OpenBSD pcn0 Driver Issue Resolved4 November 2005 · Filed in Tutorial
Well, sort of resolved. I was never able to make the
pcn driver (from OpenBSD 3.8) actually work under VMware, but I did find information on how to disable the
pcn driver and revert to the older
This archived Neohapsis discussion, followed by a quick e-mail exchange with the author of the thread (who, thankfully, was very responsive and very helpful) led me to the solution. Some of it I had to improvise on the fly, but here’s the overall process:
Boot from the OpenBSD 3.8 boot CD image (I pointed the virtual CD-ROM drive in the VM directly to the corresponding ISO image).
At the OpenBSD
boot>prompt, type “-c” (without quotes) and press Enter. This takes you into User Kernel Config, or UKC.
At the UKC prompt, type “disable pcn” to disable the
Type “quit” at the next UKC prompt to exit the kernel config and proceed with the boot process. If you watch the boot process, you will see OpenBSD load the
ledriver and identify the virtual NIC as
That’s all well and good, but how do you make the changes stick between reboots? Here’s how.
Once you’ve gotten OpenBSD fully installed and are rebooting for the first time after installation, follow the steps above to use the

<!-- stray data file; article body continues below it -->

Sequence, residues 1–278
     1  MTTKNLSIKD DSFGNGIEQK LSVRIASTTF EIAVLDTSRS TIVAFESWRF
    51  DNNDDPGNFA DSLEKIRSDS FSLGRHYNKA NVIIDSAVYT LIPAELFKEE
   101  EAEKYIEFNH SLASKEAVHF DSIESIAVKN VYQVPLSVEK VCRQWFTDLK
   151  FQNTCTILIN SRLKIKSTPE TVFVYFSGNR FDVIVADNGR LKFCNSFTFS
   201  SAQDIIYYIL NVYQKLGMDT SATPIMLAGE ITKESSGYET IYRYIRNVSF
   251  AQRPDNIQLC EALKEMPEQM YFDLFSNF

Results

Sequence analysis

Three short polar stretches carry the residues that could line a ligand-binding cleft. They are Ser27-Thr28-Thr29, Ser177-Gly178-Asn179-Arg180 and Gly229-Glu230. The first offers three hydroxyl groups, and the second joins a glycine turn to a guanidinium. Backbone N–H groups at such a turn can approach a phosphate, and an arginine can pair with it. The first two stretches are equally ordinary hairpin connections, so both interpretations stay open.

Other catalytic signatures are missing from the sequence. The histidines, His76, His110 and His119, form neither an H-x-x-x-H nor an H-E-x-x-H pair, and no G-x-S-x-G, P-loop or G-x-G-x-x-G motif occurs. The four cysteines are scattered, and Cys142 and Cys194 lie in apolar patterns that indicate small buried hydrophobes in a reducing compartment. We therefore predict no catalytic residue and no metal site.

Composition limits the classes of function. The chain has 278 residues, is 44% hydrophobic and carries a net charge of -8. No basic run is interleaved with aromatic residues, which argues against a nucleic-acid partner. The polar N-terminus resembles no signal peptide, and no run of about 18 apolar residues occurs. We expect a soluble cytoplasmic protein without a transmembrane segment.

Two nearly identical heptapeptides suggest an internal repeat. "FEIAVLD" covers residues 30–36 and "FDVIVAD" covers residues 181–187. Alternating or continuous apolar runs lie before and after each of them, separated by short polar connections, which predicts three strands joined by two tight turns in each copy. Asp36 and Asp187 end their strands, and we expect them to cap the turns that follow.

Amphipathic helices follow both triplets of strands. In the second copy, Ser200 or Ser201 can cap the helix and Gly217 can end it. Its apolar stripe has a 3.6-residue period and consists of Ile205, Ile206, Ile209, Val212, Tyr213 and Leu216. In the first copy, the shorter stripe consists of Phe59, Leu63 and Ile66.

ledriver for the next reboot.
Use the “config -e -o nbsd bsd” command (see the relevant man page for details) to modify the kernel again, only this time saving the changes to the file named
Upon the next reboot after using the config command to create a new kernel file, specify the name of that new kernel file (
nbsdin our example here) at the OpenBSD
Assuming that everything works OK (it did for me), rename the original kernel to “bsd.original” and rename your new kernel to just “bsd”. Then, upon the next reboot, the
pcndriver should be disabled and everything should work just fine.
Using this process, I now have two OpenBSD 3.8 VMs running and haven’t experienced any issues. Now, on to installing ClamAV on OpenBSD….(more details soon)
pcn0 network driver from OpenBSD 3.9 works perfectly under VMware (at least, on ESX Server). I have posted more information here.